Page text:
Oklahoma Relocation Involving Minor Children Are Complicated
Video Transcribed: My name is Attorney Jason Lile, and I am an Oklahoma Dads Rights lawyer. I wanted to talk to you today about something that comes up often in many of my cases for my clients, and that is relocation.
When one parent who’s entitled to visitation in some custody over a child or children wants to relocate more than 70 miles away from where they live or outside the jurisdiction, which is the county where your paperwork is, or your case is, then it triggers the relocation law in Oklahoma for children. And that law has some very specific requirements as to what you have to do to relocate and what you can do if someone’s going to relocate with your children.
So, first of all, you should understand that if you have paperwork, you need to know and have counsel to tell you whether or not there’s a primary physical custodian designated in that paperwork because, for the primary physical custodian, there’s a rebuttable presumption that those children will relocate with that parent. So if the non-primary physical custodian is relocating, that’s a very different situation than the primary physical custodian relocating.
Second, you should know if you are moving and you’re the primary physical custodian; there’s a very specific requirement under the law that you must follow. And that is to write the other parent so to submit in writing as close to 60 days or more before you leave as possible, where you’re going, why you’re going, and propose a new visitation schedule that could be possible given the relocation. And if you don’t do that can work against you in your custody case.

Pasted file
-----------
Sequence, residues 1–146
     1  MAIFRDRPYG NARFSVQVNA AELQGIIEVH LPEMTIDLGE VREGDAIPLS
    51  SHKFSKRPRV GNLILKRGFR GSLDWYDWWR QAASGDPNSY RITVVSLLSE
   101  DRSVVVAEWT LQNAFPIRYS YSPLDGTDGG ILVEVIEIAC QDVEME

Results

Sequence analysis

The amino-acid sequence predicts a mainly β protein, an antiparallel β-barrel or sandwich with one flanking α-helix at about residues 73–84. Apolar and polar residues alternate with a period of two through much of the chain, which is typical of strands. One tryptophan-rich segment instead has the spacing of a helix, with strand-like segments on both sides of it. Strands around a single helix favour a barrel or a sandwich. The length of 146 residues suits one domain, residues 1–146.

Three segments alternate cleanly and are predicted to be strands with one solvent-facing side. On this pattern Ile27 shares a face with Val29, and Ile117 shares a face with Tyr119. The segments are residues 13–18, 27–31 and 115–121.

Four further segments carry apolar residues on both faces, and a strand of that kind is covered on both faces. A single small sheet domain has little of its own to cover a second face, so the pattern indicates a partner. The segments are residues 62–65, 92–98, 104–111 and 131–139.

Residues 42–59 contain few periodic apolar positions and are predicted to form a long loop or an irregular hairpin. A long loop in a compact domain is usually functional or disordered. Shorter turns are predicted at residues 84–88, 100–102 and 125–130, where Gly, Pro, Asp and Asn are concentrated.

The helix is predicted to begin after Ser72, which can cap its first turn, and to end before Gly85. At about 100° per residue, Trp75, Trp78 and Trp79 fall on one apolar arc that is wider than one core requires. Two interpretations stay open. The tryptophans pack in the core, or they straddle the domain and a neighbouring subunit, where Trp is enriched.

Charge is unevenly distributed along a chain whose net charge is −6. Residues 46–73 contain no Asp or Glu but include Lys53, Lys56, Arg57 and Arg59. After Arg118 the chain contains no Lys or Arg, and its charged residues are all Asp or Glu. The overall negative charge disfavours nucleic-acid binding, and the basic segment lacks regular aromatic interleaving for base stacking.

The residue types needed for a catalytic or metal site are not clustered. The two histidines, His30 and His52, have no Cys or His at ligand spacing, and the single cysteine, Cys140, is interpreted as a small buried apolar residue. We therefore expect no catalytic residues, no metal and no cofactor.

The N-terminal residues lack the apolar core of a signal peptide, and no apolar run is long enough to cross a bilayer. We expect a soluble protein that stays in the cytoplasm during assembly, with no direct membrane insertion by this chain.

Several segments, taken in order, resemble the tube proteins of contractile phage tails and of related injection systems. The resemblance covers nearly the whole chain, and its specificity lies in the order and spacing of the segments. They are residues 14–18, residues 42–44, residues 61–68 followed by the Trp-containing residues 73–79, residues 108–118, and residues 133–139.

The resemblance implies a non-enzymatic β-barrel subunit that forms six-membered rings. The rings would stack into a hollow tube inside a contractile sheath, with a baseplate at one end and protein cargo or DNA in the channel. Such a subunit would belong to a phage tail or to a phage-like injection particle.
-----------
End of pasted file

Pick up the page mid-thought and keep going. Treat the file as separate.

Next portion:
If you’re the parent who’s not relocating and you find out through one of these letters or word of mouth or whatever that the other parent is relocating and intends to take the children with them, then if you’re not the primary physical custodian, you have a right to ask for a hearing.
That hearing has to be held within 30 days of you finding out that the relocation’s happening, and you can object, but you cannot object to this relocation just because you don’t want it to happen. Specifically, you have the right to object if you feel like or have proof that that parent is only doing this because they want to interfere with your relationship with your child or children.
And that’s problematic if they’re doing it for a job; it’s borderline if they’re doing it because they have more family support there, et cetera. If they’re marrying somebody who lives in that area, something like that. So you need a good aggressive representation if you want to object to that relocation because the evidence needs to be collected and presented. Well.